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Wednesday, May 16, 2012

Alias Grace by Margaret Atwood: Early Impressions


As promised, here is the first post for May's informal readalong. Alias Grace is just as good upon reread as it was several years ago. Margaret Atwood remains one of my favorite authors with her knack for capturing characters and setting with easy clarity. I'm not sure how far along everyone is, so, just to remind: no spoilers today! They are fair game at the end of the month, but not yet.

One thing that stands out upon rereading is Dr. Simon Jordan's character. I vaguely remember liking him last time around, but this time it's definitely less so. He seems to be sexist like the rest, as, admittedly, was the cultural norm during the time, though possibly to a lesser degree, or at least, he fancies himself to be more egalitarian and open-minded than many of his peers. Since I still have a good half of the novel to go, I'm trying to reserve full judgment on that one until the end. He resents his mother's meddling into his matrimonial prospects, and notes that "[h]is father was self-made, but his mother was constructed by others, and such edifices are notoriously fragile." But he respects her to some degree, and wishes to appease her in small ways, perhaps because he considers her both fragile and his responsibility, though, he certainly resents feeling responsible for anything or anyone.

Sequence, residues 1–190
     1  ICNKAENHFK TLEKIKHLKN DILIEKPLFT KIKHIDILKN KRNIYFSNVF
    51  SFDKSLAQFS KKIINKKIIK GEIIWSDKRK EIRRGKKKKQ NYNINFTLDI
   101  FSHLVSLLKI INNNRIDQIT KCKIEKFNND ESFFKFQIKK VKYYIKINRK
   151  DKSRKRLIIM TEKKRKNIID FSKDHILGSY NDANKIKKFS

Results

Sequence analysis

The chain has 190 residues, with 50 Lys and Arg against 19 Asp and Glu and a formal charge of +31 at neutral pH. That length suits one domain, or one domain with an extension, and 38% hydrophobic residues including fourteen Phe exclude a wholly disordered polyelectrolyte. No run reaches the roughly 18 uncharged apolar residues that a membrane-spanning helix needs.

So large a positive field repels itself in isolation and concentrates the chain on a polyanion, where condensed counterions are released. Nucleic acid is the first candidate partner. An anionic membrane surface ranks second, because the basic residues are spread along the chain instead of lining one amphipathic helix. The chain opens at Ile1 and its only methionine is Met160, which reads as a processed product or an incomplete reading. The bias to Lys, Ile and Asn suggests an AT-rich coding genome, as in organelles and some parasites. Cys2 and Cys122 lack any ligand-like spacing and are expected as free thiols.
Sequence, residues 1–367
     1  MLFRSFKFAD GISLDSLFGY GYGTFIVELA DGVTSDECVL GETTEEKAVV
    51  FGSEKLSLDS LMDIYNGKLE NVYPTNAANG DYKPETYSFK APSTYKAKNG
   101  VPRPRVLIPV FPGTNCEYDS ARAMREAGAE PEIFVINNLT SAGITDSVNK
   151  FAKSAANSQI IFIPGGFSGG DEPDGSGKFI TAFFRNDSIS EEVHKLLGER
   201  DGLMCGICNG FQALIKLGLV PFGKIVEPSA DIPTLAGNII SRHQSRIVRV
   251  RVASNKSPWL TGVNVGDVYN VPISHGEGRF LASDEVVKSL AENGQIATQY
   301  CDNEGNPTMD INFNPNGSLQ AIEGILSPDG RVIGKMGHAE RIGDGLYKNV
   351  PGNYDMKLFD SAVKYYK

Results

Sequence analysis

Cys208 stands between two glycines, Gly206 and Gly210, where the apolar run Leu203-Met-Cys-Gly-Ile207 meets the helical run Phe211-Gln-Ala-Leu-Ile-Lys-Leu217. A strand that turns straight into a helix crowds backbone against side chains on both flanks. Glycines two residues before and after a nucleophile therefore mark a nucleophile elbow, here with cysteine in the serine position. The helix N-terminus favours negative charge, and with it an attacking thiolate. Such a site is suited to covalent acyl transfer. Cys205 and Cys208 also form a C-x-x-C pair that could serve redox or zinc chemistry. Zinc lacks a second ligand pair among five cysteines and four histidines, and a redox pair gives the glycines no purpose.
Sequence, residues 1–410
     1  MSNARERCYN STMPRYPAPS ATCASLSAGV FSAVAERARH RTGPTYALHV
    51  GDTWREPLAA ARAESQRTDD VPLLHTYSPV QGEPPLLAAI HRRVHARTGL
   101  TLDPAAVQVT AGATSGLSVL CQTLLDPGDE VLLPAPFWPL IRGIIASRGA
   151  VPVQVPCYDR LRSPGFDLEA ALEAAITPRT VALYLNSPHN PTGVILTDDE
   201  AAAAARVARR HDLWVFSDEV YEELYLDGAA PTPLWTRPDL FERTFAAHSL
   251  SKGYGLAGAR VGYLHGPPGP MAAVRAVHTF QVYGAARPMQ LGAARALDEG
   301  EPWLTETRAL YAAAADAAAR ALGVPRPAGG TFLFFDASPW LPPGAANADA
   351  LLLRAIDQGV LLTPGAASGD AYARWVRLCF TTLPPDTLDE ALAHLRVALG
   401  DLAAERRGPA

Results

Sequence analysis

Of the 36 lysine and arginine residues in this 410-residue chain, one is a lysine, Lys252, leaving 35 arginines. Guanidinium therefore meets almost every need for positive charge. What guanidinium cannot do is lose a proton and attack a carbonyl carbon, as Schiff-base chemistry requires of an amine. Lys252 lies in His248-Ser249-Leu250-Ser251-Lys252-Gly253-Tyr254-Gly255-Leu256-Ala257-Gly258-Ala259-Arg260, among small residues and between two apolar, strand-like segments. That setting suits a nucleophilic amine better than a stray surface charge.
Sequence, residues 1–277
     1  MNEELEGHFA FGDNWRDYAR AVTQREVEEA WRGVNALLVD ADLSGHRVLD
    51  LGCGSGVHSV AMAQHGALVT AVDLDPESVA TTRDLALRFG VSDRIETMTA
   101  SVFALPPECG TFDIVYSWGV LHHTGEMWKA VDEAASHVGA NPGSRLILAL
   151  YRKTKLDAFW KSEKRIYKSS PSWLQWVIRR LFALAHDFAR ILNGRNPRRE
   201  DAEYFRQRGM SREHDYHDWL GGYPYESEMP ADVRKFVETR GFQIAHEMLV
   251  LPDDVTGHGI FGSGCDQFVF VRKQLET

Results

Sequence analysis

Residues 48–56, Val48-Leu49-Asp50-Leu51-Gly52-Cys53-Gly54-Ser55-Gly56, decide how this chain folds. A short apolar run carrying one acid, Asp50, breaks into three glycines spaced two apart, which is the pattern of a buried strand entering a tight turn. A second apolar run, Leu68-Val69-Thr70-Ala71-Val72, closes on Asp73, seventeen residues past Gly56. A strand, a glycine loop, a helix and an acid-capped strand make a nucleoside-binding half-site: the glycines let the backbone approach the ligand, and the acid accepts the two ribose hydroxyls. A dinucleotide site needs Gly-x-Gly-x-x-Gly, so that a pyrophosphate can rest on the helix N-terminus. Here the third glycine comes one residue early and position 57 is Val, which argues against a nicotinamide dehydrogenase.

Jordan also has a tendency to compare women to animals - has anyone else noticed this? Dora is "a greased pig," "loneliness in a woman is like hunger in a dog," Lydia is a "healthy young animal," and Grace is "a female animal; something fox-like and alert." This would suggest that he considers women lesser than fully human. No such comparisons were made of men, or, none that I've found so far.

Grace herself is presented as quietly strong and intelligent, constantly questioning the conventions of society inwardly, even if not outwardly. She described the hanging of James McDermott and the crowd it drew, noting "There were many women and ladies there; everyone wanted to stare, they wanted to breath death in like a fine perfume, and when I read of it I thought, If this is a lesson to me, what is it I am supposed to be learning?" This speaks to another main theme, "justice" wielded more to appease crowds and the sensationalism of a crime rather than punishments that fit the crime itself. Grace also knows she can come across as simple-minded, but often does this intentionally, not wanting to give away her thoughts, which, after all, are all she has left that they cannot take away.

Quilts and quilting are another big motif, but I feel this one might be best reserved for the wrap-up in a couple weeks. And, of course, justice as relating to guilt or innocence, punishments befitting crimes. The descriptions do renew my desire to learn to quilt - it just seems like such a commitment for a new hobby.

How has everyone else been enjoying the novel? What other themes and nuances have you noticed?


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